Thursday, August 27, 2015

THE GOD GAFFE: Will A Christian Conservative TV Talk Show Personality Survive Her Controversial On-Air Remarks?

Reality and creative imagination cross paths in the theater when a play draws its inspiration from actual people or events. The writer begins with a topic that is worthy of digging into and then helps us to look at things in ways we hadn’t considered, or, alternatively, turns the situation into a springboard for lampooning. 

So partial thumbs up to John William Schiffbauer, whose play The God Gaffe takes on the very “now” issue of the high-profile clashes that occur between liberals and conservatives when they are given a chunk of media time, an audience in the millions, and a spotlight in which to have at each other. There is lots of fodder here that could provide food for thought or that could be exaggerated into a sharp satire.  As it stands, however, the play feels very much like an early draft, and it falls flat by following an exposition-heavy middle ground. 

The catalyst for The God Gaffe, one of the entries in the New York International Fringe Festival (FringeNYC), is the television talk show The View and the often-testy on-air disagreements that arise among its panelists. We’re talking specifically about Elisabeth Hasselbeck, a Christian conservative who frequently found herself locking horns with her co-panelists and guests on the show during her 10-year stint, before she finally left (or was pushed out) in 2013 and made her way over to the more receptive Fox Broadcasting. 

Hannah Beck plays Patricia, the Hasselbeck-like character whose job is on the line when she says something the network execs deem to be unacceptably offensive. 

Rather than letting us see the actual on-air incident as it happens, however, the playwright gives us a second-hand account of it during a meeting between Patricia and her executive producer Jeremy (Vincent Torres). The two of them have been on friendly terms during her time with the network, and she has been quite successful at pulling in a conservative demographic that feeds the ratings numbers, but without alienating the more liberal viewers. But her anti-gay remarks during an interview with a young guest have raised hackles in the front office. She must make a public apology or go on an immediate hiatus.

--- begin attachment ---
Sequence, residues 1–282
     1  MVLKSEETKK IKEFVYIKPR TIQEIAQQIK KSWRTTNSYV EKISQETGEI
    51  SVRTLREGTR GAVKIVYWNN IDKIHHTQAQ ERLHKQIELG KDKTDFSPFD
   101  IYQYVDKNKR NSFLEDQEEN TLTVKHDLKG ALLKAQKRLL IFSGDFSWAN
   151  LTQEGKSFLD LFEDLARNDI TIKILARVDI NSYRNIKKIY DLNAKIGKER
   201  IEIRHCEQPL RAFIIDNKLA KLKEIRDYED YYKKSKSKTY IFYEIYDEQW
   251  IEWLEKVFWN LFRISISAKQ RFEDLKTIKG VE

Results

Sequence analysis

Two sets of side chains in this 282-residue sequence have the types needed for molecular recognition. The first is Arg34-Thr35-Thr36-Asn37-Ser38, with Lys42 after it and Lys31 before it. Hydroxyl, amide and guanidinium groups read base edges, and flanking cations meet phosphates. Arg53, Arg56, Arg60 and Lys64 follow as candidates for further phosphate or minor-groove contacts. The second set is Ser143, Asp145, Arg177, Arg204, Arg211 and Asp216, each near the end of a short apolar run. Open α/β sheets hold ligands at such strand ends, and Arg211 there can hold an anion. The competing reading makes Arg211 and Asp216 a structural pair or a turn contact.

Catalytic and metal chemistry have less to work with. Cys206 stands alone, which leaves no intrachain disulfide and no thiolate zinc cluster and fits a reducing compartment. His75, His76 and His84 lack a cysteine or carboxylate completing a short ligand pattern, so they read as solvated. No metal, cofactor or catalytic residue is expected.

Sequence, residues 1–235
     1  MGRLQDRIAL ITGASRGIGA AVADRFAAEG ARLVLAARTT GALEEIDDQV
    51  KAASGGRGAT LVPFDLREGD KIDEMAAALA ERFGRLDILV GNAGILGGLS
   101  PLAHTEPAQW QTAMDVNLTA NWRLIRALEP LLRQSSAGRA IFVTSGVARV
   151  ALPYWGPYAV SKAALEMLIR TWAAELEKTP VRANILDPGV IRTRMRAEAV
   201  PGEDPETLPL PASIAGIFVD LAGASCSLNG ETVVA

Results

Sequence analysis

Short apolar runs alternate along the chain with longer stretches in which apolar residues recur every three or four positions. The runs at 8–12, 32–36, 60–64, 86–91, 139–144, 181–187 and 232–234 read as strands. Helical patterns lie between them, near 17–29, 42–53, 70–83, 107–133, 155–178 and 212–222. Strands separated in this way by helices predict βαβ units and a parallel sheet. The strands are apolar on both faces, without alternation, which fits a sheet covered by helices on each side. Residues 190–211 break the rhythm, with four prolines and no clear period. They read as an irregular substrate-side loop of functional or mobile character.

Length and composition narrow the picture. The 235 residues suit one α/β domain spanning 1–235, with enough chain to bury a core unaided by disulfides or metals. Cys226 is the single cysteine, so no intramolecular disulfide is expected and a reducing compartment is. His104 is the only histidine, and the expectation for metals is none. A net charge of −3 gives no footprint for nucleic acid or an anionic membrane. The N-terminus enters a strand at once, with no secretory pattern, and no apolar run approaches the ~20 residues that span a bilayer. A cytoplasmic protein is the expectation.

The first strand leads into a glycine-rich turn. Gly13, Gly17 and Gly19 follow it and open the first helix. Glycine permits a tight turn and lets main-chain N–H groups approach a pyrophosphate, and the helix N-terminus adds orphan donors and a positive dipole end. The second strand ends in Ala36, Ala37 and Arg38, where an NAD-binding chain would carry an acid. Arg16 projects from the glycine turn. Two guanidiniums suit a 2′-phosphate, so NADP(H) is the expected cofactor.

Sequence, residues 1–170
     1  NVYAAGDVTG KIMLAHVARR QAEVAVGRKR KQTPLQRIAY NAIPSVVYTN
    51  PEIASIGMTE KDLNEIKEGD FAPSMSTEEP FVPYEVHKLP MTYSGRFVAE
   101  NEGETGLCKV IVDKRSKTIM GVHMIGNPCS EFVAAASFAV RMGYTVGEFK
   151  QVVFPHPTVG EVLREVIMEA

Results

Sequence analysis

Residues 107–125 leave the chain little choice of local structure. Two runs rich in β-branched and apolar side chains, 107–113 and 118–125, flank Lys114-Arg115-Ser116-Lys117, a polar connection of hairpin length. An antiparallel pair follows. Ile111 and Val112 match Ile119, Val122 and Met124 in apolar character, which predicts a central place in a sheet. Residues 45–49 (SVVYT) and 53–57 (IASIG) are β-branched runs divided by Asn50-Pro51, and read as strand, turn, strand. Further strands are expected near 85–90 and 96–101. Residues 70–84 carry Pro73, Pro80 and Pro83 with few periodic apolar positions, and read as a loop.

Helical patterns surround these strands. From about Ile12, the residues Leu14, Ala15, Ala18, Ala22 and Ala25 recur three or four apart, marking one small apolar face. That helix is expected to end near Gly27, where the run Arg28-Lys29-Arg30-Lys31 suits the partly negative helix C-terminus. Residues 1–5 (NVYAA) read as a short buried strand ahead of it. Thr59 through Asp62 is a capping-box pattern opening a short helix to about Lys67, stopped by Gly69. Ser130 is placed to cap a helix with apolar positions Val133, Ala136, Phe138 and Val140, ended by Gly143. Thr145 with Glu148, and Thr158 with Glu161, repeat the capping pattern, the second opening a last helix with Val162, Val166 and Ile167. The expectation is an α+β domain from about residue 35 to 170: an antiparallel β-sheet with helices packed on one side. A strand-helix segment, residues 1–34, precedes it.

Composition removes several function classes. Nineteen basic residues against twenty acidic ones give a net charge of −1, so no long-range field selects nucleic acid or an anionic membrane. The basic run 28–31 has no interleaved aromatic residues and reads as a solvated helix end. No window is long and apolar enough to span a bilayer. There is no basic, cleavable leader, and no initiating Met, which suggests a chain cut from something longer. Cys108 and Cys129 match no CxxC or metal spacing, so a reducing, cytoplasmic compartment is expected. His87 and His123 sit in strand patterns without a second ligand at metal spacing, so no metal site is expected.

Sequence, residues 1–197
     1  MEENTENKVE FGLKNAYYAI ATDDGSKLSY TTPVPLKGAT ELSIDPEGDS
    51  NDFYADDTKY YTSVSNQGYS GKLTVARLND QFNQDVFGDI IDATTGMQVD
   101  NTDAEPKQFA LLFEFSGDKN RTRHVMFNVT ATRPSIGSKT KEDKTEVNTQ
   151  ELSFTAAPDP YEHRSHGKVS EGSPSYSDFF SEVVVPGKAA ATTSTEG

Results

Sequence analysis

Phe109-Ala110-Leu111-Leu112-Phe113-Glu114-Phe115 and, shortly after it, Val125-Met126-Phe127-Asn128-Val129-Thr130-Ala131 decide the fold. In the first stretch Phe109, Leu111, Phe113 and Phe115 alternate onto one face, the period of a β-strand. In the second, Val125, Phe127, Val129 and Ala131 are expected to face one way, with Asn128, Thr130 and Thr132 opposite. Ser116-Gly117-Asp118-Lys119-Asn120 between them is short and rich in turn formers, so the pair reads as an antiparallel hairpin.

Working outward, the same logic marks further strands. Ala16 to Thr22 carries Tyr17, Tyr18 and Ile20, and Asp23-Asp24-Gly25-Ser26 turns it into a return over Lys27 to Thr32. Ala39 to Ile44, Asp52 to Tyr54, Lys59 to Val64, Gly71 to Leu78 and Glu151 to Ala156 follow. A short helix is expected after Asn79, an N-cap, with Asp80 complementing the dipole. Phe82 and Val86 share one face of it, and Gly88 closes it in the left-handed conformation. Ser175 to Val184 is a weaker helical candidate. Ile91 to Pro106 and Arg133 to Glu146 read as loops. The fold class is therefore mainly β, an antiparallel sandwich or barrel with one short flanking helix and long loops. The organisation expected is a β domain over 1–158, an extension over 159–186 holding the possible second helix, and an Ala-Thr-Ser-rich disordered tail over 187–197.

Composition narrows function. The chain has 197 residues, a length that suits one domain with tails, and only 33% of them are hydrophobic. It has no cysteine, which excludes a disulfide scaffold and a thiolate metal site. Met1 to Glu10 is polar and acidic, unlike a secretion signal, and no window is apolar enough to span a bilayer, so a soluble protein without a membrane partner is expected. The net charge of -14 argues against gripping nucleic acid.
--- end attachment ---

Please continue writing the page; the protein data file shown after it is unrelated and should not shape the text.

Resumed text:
The play’s strength lies in the depiction of Patricia as someone who is not an in-your-face wacko, the sort of self-identified Christian conservative whose extreme views are usually the only ones the public gets to hear. It is significant that she and Jeremy have had a positive and friendly office association, particularly since Jeremy is gay himself and in a long-term relationship that may be heading toward marriage. (His boyfriend Brett, played by Tom Giordano, shows up on a couple of occasions, though he mostly serves as a mouthpiece for the complaints aimed at Patricia). 

The potential is there for a very interesting play that could allow for an airing of reasoned views on both the right and left.  What happens to "moderation" when neither side is willing to budge on issues they both feel strongly about?  

But if Patricia feels bullied by her talk show colleagues, as she says, then let us have scenes that depict this. If her professional behavior has been affected by events in her personal life, as Jeremy suggests, then let us see some of that.  And if we are going to be able to judge for ourselves whether her on-air remarks were, indeed, beyond the pale, then let us see it, not just hear about it.  

This is the basic problem with The God Gaffe. The playwright fails to heed one of the basic tenets of the profession: Show, don’t tell. With such an interesting concept to work with, here’s hoping he will go back to the drawing board and start to flesh out his ideas for a future production. 

Feel free to share this blog with your friends, and to share your own theater stories by posting a comment.

No comments:

Post a Comment